Date - 27th February 2013 Distance - 10.5 miles
Ascent -
Map - OL7 Start point - Sun Inn, Crook (SD 4642 9510)


Summits Achieved

No summits were reached on this walk



Tetley and Little Eric were looking mournfully out of the window at the rain falling steadily, Tetley remarking, "this Sunday is such a contrast to the last, when there were blue skies for our walk above Kentmere."

"What an enjoyable day I had, bagging summits and seeing those wonderful views of the mountains covered in snow", replied Little Eric. "We surely have the best Dad in the world."

Further thoughts about this walk were broken by the whirlwind that was Allen, dashing into the room. "I bring news. Dad has checked the weather and decided that a walk is on for Wednesday, which will be our last chance before he and Uncle Brian go to stay at Armathwaite Hall, once again."

"Has he decided where to walk, or is it up to us to come up with an idea?", asked Little Eric.

We are to decide, but as Dad has a busy week otherwise, he does not want to go on the hills this time", replied Allen.

"Right then, we need to get our thinking caps on, said Tetley.

"My brain would work better if I had a mug of tea and some of Grizzly's lovely cake", said Allen, who was rubbing his tummy in anticipation.

"Shaun and Grizzly will not be long", assured Tetley glancing at the clock.

"So, what we want is an interesting area, that is not too far for Dad to drive, and with a cafe nearby for afterwards", mused Allen.

"Exactly", agreed Shaun, as he and Grizzly wandered in with flasks and cake tin.

Immediately Allen went to get the mugs which were soon full of steaming hot tea.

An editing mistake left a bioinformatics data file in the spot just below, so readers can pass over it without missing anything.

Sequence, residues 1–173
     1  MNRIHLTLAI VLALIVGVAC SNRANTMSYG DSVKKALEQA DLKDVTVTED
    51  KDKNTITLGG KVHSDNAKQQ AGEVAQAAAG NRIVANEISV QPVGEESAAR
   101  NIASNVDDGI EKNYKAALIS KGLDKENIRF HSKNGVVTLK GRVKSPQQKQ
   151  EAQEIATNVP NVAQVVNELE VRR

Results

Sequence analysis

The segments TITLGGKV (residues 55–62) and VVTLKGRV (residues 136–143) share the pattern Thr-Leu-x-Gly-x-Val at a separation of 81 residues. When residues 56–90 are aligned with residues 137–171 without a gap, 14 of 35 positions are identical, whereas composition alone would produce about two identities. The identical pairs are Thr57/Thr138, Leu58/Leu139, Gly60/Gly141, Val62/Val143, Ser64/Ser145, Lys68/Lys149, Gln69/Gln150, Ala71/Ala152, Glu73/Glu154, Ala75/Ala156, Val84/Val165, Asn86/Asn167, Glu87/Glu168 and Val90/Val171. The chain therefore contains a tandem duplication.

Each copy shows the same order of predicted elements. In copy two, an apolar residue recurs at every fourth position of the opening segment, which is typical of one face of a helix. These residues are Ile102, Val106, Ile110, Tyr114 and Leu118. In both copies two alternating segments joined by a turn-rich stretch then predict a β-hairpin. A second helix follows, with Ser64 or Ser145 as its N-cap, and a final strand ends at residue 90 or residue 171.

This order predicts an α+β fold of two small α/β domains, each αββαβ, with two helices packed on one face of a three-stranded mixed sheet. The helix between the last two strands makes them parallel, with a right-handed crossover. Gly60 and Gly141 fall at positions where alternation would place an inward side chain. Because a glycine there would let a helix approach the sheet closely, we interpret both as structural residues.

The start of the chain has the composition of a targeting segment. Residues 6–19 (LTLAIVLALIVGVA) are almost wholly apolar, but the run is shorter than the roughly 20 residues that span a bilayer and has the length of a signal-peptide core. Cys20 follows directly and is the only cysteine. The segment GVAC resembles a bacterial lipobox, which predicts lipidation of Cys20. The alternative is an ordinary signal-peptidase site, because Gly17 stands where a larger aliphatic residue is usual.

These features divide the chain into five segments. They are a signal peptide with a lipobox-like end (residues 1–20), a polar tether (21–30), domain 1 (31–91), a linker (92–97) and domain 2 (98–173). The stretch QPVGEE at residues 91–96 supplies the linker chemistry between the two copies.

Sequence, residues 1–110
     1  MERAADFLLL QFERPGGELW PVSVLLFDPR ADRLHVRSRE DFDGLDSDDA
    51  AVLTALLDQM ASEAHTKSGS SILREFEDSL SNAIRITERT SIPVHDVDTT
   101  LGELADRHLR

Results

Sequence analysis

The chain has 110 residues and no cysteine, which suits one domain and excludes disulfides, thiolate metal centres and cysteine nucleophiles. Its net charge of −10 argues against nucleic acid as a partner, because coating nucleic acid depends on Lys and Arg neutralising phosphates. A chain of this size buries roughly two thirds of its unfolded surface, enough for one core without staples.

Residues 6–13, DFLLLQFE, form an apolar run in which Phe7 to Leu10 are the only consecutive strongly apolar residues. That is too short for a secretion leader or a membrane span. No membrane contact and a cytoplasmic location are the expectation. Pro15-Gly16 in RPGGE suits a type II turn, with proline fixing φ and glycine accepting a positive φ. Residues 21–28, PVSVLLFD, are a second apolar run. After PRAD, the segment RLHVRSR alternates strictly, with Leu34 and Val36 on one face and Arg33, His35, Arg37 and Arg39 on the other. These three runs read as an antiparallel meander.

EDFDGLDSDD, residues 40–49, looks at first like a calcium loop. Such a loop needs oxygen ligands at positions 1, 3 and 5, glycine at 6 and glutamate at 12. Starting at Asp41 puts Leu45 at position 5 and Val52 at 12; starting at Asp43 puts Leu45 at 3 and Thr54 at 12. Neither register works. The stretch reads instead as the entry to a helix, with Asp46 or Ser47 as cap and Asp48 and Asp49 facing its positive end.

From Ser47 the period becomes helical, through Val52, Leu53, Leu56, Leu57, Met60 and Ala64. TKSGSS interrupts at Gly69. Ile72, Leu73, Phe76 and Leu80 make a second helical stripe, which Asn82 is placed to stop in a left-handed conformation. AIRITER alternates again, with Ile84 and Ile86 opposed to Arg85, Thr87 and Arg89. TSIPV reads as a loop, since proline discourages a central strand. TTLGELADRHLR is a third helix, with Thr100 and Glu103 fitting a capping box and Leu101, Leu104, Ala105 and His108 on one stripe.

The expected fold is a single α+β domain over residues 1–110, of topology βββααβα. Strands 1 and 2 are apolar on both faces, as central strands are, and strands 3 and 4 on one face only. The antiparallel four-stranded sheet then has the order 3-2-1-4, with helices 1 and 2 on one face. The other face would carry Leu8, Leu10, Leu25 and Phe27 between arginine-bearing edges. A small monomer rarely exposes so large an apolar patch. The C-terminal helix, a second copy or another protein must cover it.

Grizzly said, "I know you all liked the apricot and cherry slice, so I have made some more for today."

"Wonderful", cried Tetley, who had got the plates.

Soon we were all tucking into the delicious cake, Little Eric saying, "it is absolutely scrumptious pal.

Now turning our thoughts back to the walk, Tetley said. "I suggest we go to the Crook area, as afterwards Dad could go to the cafe at Plumgarths."

"Good idea" replied Allen. "I'll boot the laptop and we can see the ones there are in the binders, in that area."

He opened the spreadsheet and we scanned down the list. "There's one here from the Sun Inn", called out Grizzly after a while."

"Dad's done that one a few times", remarked Tetley, who has a quite prodigious memory. "But if a recall, not for a long time and in fact I am sure that only Shaun and I have done it, so that would be good as it will be new for the rest of you."

By now Allen had opened the 'Walks Done' list and applying a filter, said, "it was in fact 2003 that Dad last did it with you and Shaun, so none of you will remember much of it, I guess."

"That's true", agreed Tetley.

"Sounds like a goer then", enthused Little Eric.

Draining his second mug of tea and grabbing the walk, Allen said, "right, I'll go and ask Dad."

Soon back, his faced wreathed in smiles, he exclaimed, "it's on and Dad said that it will be nice to do this walk again."


The Walk

After all the terrible rains last year, today was stunningly beautiful, with cloudless blue skies, and after a sharp frost overnight, it was quite warm later, almost feeling like spring. There has been generally a period of dry weather so we noticed that the ground had dried out quite considerably, which is especially good news for the countries beleaguered farmers.

Once again our route was north on the M6 just one junction and then along to the end of the link road that bypasses Kendal, where it was left at the roundabout almost immediately passing Plumgarths.

"There's your tea stop, Dad", called out Tetley.

"That's right lad. I have looked the cafe up on the Internet. It is called The 2 Sisters, run by sisters Magda and Monika. The menu looks good and all homemade too."

Just a few miles further on we arrived at the Sun Inn, Dad parking in the layby just beyond.